Career & Finance

Procrastination, At What Price?

Life rewards action. Nothing great has ever been accomplished without it. Nothing ever will be. So why is it then that so many intelligent people are so prone to inaction; or, more specifically, to procrastination (derived from the Latin pro, meaning ‘forward,’ and cras, meaning ‘tomorrow’)?

In particular, why do so many smart professional women put  off until tomorrow what they would benefit from doing today? I’m not necessarily talking about the small mundane tasks (like cleaning out your desk drawers), which have minimal consequence if you fail to do them, but the bigger and more significant actions that can have a profound impact on the trajectory of your career, your happiness and your life.

Things like setting up a meeting with your boss to discuss promotion opportunities,  addressing a contentious issue with a colleague or beginning the process of changing our career path altogether.

Philosopher William James once wrote, “Nothing is so fatiguing as the eternal hanging on of an unfulfilled goal.” Of course, people come up with all sorts of creative reasons why now just isn’t the right time:  Too busy. Too broke. Too stressed. Too risky. Too inexperienced. Too old. Too young. Too disruptive to family. Economy too unstable.

Occasionally our reasons are even valid. But more often, they are simply all too convenient excuses for avoiding the discomfort inherent in change, even change for the better and confronting our deepest, and often unacknowledged, fears.

While on the surface procrastination often looks like laziness, at the heart of it lies fear. Fear of failing, fear of success, fear of rejection, fear of ruffling feathers, fear of looking foolish, or fear that we will be exposed for not being as smart as people think we are. And so our fears drive us to hang on to the hope that if we procrastinate long enough, our misgivings will magically evaporate—and be replaced with a newfound sense of clarity about the steps we need to take, courage to take them, and confidence to overcome whatever obstacles we meet along the way.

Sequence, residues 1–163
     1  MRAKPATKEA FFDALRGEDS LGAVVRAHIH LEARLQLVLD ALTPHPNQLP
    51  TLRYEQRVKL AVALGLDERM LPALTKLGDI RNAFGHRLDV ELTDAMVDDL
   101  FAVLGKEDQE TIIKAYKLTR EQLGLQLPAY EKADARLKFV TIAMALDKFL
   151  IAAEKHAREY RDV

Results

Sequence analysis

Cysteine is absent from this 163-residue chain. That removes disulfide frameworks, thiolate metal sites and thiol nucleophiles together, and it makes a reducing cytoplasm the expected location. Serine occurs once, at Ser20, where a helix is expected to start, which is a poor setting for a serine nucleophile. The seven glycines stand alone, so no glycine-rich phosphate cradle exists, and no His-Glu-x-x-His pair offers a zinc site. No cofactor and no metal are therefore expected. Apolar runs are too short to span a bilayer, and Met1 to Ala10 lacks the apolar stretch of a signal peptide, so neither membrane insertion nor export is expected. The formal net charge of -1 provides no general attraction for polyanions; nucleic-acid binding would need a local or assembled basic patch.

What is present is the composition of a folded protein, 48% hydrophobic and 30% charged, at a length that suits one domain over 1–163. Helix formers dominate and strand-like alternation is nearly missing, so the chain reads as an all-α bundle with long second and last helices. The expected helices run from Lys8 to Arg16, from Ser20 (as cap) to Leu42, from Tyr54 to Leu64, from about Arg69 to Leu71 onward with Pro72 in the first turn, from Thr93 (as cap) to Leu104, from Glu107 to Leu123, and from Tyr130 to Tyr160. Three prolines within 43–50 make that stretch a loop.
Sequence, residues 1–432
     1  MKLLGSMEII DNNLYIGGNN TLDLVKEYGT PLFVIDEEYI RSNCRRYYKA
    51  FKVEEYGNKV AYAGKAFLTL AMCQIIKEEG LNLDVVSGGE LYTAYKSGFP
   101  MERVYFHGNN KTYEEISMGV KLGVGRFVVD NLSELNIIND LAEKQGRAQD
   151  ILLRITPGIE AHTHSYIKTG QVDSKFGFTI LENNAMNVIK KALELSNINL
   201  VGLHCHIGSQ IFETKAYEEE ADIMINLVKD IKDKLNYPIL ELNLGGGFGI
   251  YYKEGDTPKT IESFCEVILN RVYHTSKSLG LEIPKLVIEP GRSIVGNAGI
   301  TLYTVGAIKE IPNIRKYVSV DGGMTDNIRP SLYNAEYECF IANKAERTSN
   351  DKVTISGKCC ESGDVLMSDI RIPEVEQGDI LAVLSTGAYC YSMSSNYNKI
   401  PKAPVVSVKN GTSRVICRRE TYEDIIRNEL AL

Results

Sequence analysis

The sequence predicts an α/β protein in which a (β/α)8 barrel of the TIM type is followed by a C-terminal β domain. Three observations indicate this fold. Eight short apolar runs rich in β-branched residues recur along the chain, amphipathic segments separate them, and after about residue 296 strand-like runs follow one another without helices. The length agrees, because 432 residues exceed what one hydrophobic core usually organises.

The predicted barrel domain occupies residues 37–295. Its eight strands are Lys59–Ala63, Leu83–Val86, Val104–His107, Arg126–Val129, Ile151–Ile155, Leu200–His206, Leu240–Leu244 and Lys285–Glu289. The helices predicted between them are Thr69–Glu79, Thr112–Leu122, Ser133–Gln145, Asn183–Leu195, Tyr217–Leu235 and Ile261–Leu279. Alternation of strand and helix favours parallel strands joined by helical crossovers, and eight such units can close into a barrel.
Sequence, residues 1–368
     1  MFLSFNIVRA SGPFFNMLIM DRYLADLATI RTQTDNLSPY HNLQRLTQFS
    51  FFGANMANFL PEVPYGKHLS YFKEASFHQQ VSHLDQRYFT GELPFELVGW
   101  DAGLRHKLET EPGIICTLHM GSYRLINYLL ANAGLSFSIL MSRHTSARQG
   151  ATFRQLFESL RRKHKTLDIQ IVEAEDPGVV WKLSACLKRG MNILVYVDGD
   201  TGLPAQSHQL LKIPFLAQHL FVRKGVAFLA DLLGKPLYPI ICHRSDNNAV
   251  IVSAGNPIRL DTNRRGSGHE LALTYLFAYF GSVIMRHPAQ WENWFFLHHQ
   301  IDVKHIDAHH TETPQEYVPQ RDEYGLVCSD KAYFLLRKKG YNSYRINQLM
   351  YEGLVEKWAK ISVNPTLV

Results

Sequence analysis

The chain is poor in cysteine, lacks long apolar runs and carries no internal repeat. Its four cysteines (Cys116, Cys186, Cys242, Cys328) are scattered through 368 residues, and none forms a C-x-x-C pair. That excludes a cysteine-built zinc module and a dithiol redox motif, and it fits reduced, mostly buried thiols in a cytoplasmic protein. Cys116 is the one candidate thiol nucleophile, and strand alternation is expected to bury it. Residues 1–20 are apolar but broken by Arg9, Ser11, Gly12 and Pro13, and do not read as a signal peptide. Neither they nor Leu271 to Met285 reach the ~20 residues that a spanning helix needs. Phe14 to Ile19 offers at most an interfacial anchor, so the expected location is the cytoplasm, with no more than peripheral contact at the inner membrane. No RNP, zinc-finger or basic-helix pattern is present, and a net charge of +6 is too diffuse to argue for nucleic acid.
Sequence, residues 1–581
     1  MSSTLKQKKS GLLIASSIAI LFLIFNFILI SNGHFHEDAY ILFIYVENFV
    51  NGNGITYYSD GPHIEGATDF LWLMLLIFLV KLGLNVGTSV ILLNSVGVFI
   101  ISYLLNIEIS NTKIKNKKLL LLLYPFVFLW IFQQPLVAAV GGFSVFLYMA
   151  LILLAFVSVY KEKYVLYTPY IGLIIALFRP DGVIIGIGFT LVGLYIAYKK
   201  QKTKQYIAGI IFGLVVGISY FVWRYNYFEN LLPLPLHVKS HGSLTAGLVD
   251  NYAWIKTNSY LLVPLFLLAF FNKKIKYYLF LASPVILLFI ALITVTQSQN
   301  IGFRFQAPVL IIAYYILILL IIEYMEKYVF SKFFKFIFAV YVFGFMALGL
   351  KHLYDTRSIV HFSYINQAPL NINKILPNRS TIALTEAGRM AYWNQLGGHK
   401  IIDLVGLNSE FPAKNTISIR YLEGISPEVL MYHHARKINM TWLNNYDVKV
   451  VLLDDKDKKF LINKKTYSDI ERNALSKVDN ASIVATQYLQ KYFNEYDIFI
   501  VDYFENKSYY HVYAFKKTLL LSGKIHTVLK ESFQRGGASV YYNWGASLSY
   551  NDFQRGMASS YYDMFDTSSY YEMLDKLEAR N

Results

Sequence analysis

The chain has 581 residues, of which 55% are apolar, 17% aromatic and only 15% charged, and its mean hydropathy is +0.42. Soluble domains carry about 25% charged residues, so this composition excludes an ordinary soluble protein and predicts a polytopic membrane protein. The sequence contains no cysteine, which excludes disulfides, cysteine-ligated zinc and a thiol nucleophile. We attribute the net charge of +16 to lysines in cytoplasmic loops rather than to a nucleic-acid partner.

Unfortunately, the reverse is generally true. As the days roll steadily by, our fears grow larger, not smaller, until they eventually lead to a burial ground for unfulfilled goals, missed opportunities, and untapped potential. All the time, the knowledge that we are whiling away months, years, sometimes decades, of our life  waiting for the planets to perfectly align before we take our first step forward weighs more heavily on our hearts and minds, both conscious and subconsciously.

We are loath to admit it, but in putting off until tomorrow (or the summer or 2015) what we know we should act on today we are selling ourselves out. And one way or another, it is costing us – in our career (lost opportunity to grow our influence and be promoted accordingly), our business (as our competitors have developed loyal clients that could have been ours), our relationships (as unresolved issues fester, damaging trust and undermining individual and team performance), finances and physical and mental wellbeing.